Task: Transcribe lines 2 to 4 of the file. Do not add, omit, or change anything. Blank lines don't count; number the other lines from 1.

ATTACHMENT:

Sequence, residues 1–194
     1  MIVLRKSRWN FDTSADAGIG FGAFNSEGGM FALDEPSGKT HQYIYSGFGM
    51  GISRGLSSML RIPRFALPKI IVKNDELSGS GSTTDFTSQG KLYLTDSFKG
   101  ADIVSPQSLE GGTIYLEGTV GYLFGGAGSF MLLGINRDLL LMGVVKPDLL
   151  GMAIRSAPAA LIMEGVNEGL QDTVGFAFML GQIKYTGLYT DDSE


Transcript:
     1  MIVLRKSRWN FDTSADAGIG FGAFNSEGGM FALDEPSGKT HQYIYSGFGM
    51  GISRGLSSML RIPRFALPKI IVKNDELSGS GSTTDFTSQG KLYLTDSFKG
   101  ADIVSPQSLE GGTIYLEGTV GYLFGGAGSF MLLGINRDLL LMGVVKPDLL